Analysis: Which J.D. Vance will show up in the Senate?
J.D. Vance is going to be the new junior senator from the state of Ohio, but he will take office as a mystery to many.
And that is something new in Ohio politics. Ohio voters have always elected U.S. senators who had a distinct public persona, a political brand that people could easily identify. And they haven't particularly cared whether the senators were Republicans or Democrats.
Vance, a Middletown native, won fair and square, with 53% of the unofficial vote count, but you would be hard-pressed to find someone who could tell you which J.D. Vance will show up on Capitol Hill in January.
Will it be the best-selling author of Hillbilly Elegy, his memoir of growing up in a dysfunctional family that came up from eastern Kentucky to settle in Middletown — a book that, for a time, made him the darling of East Coast liberal elites who lionized him for telling the story of those poor folks in fly-over country?
That Vance was the toast of cocktail parties from Nob Hill in San Francisco to the Upper East Side of New York, where the wealthy swooned over his tales of hard scrabble life in a small town in Ohio. Or was it Iowa. Doesn't matter. Poor, poor people.
Or was it the Vance who shuffled off to California's Silicon Valley as soon as he could escape the stinky, rough-and-tumble of Middletown? There, he became a wealthy man as a venture capitalist, finding an ally in the billionaire Peter Thiel, who made his fortune in "big tech" — the same "big tech" that Vance denounced as evil in his Senate campaign.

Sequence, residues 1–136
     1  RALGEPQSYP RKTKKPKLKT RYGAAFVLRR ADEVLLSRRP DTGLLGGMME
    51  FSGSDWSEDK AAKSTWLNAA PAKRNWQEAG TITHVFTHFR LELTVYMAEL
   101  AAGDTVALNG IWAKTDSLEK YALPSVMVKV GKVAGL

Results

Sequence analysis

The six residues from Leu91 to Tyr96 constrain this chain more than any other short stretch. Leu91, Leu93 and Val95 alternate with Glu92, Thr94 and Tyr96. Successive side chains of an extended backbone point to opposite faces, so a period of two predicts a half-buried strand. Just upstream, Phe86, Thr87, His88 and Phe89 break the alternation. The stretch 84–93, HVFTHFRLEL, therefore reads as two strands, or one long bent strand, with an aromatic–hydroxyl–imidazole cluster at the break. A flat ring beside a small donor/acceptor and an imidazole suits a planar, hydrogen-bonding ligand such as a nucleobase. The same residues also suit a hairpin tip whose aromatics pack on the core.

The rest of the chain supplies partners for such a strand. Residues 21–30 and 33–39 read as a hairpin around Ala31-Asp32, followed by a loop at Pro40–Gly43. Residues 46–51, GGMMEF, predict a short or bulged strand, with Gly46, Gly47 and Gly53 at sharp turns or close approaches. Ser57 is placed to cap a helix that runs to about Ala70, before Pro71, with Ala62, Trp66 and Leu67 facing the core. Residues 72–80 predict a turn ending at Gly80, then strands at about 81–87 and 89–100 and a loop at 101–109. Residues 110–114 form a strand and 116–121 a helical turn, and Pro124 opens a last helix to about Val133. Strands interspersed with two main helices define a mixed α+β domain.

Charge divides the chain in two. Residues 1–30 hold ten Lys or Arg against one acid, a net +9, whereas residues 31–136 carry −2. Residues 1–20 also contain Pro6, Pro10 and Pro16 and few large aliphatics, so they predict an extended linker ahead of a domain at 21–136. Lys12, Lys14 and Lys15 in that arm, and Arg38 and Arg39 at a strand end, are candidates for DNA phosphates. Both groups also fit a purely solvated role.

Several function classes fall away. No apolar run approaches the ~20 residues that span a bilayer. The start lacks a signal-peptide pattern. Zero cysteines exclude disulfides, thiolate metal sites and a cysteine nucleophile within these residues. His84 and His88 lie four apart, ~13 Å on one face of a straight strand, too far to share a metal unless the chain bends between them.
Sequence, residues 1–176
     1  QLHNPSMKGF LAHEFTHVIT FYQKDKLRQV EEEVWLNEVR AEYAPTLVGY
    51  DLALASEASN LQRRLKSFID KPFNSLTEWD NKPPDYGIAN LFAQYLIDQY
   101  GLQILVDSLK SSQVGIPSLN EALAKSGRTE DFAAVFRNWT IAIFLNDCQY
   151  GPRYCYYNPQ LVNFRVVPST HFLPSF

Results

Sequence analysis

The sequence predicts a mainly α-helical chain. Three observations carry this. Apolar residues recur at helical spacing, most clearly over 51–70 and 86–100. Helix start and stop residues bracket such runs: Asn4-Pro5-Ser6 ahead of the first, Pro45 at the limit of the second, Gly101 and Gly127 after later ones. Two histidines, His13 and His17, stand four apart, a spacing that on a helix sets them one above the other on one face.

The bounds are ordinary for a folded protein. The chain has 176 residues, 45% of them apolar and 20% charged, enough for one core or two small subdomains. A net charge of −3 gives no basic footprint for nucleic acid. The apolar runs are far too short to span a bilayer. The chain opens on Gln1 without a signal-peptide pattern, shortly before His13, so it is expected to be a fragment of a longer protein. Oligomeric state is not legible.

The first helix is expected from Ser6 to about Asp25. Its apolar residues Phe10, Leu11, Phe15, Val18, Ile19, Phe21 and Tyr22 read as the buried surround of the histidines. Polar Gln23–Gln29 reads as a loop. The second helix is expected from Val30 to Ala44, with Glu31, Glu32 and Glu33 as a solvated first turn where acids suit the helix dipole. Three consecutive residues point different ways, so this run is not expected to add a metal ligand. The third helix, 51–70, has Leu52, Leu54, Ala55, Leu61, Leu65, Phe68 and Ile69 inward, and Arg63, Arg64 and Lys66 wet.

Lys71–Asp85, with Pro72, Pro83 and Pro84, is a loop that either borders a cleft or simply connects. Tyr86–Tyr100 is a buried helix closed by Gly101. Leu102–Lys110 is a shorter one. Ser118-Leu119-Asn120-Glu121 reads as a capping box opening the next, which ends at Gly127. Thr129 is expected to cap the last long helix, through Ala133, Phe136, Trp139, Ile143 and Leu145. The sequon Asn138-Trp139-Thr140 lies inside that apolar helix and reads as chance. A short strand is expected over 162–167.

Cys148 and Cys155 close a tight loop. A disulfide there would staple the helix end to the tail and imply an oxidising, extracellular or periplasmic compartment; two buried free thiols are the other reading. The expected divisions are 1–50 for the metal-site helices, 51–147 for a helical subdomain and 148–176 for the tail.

That Vance — the 2016 Vance who was on the talk show circuit hawking his book — was four-square against Donald Trump, calling him an "idiot," "reprehensible" and "noxious." Vance called him every name but "mister."
But then another Vance emerged, the one who pulled up stakes in San Francisco and returned to Ohio, buying a home and starting a business in Cincinnati. That Vance was plotting his run for the Senate; and, in 2021, jumped into a crowded primary field.
Suddenly he was transformed into a true believer in Trump, explaining his Road-to-Damascus conversion on a rather flimsy argument — that he had seen what a godsend former President Trump had been to the working poor he wrote about in his book, and how he had given them hope.
Well, the working poor might have gotten hope, but what Vance got was a Trump endorsement and $15 million from Thiel, a Trump ally, which was enough to lift him to the top of a seven-candidate field to win the primary with 32% of the vote.
Then, a few days after he became Ohio's senator-elect, he spoke to the Ohio Statehouse News Bureau's Jo Ingles and struck a decidedly more moderate tone about how he would approach his term.
He said he’s willing to work with Ohio’s senior U. S. Senator Sherrod Brown, as well as other Democrats.
"I plan to work with anybody with whom I can get things done," he said. "I think certainly on things like trade policy and bringing manufacturing jobs back to Ohio, Sherrod could be a good ally. On energy policy, hopefully Joe Manchin could be a good ally. So the way I think about it is the people of Ohio sent me to the United States Senate to do a job and I'll work with whoever I have to to get things done."
If there has ever been anyone in Ohio politics who fit the description of shapeshifter, it is J.D. Vance.